For Those Who Lost a Loved One This Year

For Those Who Lost A Loved One This Year

Do you remember the old Sears Wish Book. Some of you remember it during your childhood years and some of you may not know what I’m talking about. I haven’t seen one in years.

The first Sears Wish Book was printed in 1933. (I don’t remember that—just looked it up and by the way you can buy one for just $375 on ebay). Over time it became smaller and smaller and was eventually discontinued. Today children have virtually unlimited pages of a wish book that is called the internet. But “back in the day” the Sears Wish Book helped us answer the seasonal question:

“If you could have anything for Christmas, what would you wish for?”

Every year my brother and I would look through the catalogue and either dog-ear a page or circle our choices in pen. We didn’t want Santa to miss our request. Out of all the pages in the Wish Book we had to ask for the most important things we could find to answer the question.

You don’t need the Sears Wish Book today, but you have some wishes too, don’t you?

If you lost a loved one this past year, your wishes might be different.  This Christmas, you probably have wishes that are something like I’ve had as I remember loved ones who are not with us this holiday.

I wish I could have:

  • one more conversation.
  • one more time fishing with them at the lake.
  • one more time in their arms.
  • one more time hearing them sing.

I wish I could have one more hug

  • one more kiss.
  • one more snuggle.
  • one more laugh.

My fellow West Texan, Pastor Doug Manning, wrote about the first year of holidays without a loved one in a book I have referred many to over the years titled “Don’t take my grief away from me.”

He says, Grief is not an enemy. It is a friend… a natural process of walking through the hurt and growing through the walk.” No matter what the circumstances were around your loved one’s passing, we grieve their physical absence. And their absence is in moments, heart-shattering.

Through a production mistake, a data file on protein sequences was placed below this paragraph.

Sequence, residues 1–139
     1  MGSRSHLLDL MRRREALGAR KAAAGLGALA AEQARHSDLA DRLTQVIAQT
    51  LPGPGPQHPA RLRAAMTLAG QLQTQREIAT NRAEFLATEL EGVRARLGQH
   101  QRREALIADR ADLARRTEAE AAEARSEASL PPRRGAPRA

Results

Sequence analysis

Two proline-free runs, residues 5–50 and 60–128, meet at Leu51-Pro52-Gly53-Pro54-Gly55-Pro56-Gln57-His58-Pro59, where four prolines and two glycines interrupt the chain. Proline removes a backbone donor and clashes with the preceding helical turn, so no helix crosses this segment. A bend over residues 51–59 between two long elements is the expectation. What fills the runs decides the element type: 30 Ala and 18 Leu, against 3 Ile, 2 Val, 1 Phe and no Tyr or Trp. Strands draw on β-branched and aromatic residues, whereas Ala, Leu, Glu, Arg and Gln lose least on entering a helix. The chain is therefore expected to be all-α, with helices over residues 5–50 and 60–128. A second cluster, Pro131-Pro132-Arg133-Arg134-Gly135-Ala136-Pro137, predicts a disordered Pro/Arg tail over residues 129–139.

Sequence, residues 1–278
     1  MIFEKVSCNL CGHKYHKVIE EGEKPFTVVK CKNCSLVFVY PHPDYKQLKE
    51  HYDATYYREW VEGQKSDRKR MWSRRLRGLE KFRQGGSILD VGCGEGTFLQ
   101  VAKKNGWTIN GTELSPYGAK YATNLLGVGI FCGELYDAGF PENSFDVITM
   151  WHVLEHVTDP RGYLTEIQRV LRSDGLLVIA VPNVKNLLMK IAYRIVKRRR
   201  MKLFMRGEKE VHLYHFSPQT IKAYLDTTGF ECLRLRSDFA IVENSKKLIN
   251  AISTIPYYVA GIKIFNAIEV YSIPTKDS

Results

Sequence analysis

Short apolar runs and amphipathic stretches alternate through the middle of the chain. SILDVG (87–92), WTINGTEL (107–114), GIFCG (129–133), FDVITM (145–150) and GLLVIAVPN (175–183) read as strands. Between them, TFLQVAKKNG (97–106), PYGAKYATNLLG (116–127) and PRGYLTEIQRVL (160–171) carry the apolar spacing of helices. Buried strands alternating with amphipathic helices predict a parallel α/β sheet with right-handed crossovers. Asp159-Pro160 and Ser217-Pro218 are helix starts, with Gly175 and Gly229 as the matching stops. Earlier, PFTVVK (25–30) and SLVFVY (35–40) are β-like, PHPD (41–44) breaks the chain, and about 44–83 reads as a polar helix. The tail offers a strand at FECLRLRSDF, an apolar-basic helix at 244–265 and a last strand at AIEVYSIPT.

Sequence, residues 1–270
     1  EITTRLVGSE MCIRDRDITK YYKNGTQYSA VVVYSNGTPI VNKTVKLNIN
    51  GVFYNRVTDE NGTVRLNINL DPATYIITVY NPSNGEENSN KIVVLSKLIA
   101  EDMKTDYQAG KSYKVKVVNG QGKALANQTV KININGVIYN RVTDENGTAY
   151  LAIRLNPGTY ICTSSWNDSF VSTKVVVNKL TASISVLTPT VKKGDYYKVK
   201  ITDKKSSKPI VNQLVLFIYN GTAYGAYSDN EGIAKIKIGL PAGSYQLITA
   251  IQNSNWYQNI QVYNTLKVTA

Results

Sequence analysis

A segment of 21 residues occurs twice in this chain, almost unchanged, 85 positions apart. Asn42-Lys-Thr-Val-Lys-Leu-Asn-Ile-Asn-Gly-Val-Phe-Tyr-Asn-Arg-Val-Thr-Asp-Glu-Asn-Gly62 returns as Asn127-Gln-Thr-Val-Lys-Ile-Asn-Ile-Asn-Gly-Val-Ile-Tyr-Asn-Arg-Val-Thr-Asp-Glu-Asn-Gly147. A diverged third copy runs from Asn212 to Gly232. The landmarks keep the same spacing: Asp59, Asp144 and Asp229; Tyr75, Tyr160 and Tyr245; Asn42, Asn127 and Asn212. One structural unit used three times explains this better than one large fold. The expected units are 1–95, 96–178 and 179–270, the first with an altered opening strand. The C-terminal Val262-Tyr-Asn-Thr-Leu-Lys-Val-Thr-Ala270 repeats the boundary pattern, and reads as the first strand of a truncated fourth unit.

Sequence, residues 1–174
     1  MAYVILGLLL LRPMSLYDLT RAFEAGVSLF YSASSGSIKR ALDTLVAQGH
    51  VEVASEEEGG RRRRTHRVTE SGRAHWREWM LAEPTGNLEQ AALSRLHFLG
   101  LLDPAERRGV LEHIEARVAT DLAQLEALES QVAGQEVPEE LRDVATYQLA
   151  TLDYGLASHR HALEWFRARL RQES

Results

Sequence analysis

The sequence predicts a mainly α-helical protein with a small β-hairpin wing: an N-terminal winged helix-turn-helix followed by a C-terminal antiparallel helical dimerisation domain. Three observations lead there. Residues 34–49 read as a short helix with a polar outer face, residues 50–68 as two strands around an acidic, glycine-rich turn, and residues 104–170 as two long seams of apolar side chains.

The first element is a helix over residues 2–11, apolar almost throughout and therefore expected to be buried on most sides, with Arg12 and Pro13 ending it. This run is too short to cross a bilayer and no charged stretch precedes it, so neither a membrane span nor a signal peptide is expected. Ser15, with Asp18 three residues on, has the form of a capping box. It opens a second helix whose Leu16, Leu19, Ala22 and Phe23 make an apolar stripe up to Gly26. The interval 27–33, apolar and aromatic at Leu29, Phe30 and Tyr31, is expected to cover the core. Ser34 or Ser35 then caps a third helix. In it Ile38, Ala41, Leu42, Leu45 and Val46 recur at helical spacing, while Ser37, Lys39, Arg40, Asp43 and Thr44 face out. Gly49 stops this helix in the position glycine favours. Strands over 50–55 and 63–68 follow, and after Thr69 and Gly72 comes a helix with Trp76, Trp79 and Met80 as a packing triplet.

There is no right or wrong way to grieve. We all grieve in different ways. The only harmful reaction to losing a loved one is to NOT grieve. So grieve as long as you feel the need to grieve, and when you are ready, welcome a time when you hold on tight to their memories without grief. When you remember but move forward out of grief, knowing that you have personally grown from your grief experience.

I’m reminded of my mother-in-law’s favorite movie, Places In The Heart. Sally Fields plays Edna, a widow left to raise her children on the family farm. There is a beautiful scene where she is sitting in church about to take communion. As she does, she sees her departed husband sitting with her, and then others she has lost around her as well. Her heart remembers the precious memories of her loved ones’ lives and she smiles as she enjoys that memory in a place she visits every week.

A Christmas wish I have today is that you grieve and remember. Those whom I’ve lost in my life are still with me. I cherish our memories together. I laugh when I remember our season of laughter together. I ponder the wisdom they shared with me. I take from our many interactions pieces of their personality and the character of their heart and strive to incorporate those qualities into my life. As I live more like the best of who they were, I feel like they are still with me.

I wish that you will remember the best parts of your departed loved one. That you will cherish your memories of your times with them. That you will laugh out loud when you remember such moments shared together. That you will remember their words of wisdom that they shared with you. That you will take from your many shared interactions with him or her pieces of their personality and the character of their heart and live more like the best of who they were so that that you can feel like they are still with you during this holiday season and in the days ahead.

One more thought. Queen Elizabeth II is attributed with the saying, “Grief is the price we pay for love.” For me personally, I have found that the grief in my heart has always been worth knowing and sharing the life of my loved one. I pray also that you will find gratitude, and even find joy, and celebrate the time you walked with your loved one… and that you find your love from them and of them is well worth the temporary grief journey.

My God give us comfort and peace this holiday season. Where there is pain, may He give us courage to keep walking through this journey here on earth. May He bring us growth through the walk. May He flood our thoughts with the things about our loved one that we can celebrate. May He give us courage to live with the best of our loved one’s highest qualities and characteristics. May God give us what we need to touch and feel joy and to celebrate our loved one this holiday.

By Roy Wooten

Roy completed his initial Crucible weekend in 2009 and began leading the ministry in 2019. Roy and his wife Devra have helped thousands through their Life Together Forever Couples Weekends and are the authors of “The Secret to Lifetime Love: Speaking and Hearing Truth”. He also authored Full Throttle Into Fatherhood.  Roy is from Houston and enjoys spending time with his adult children.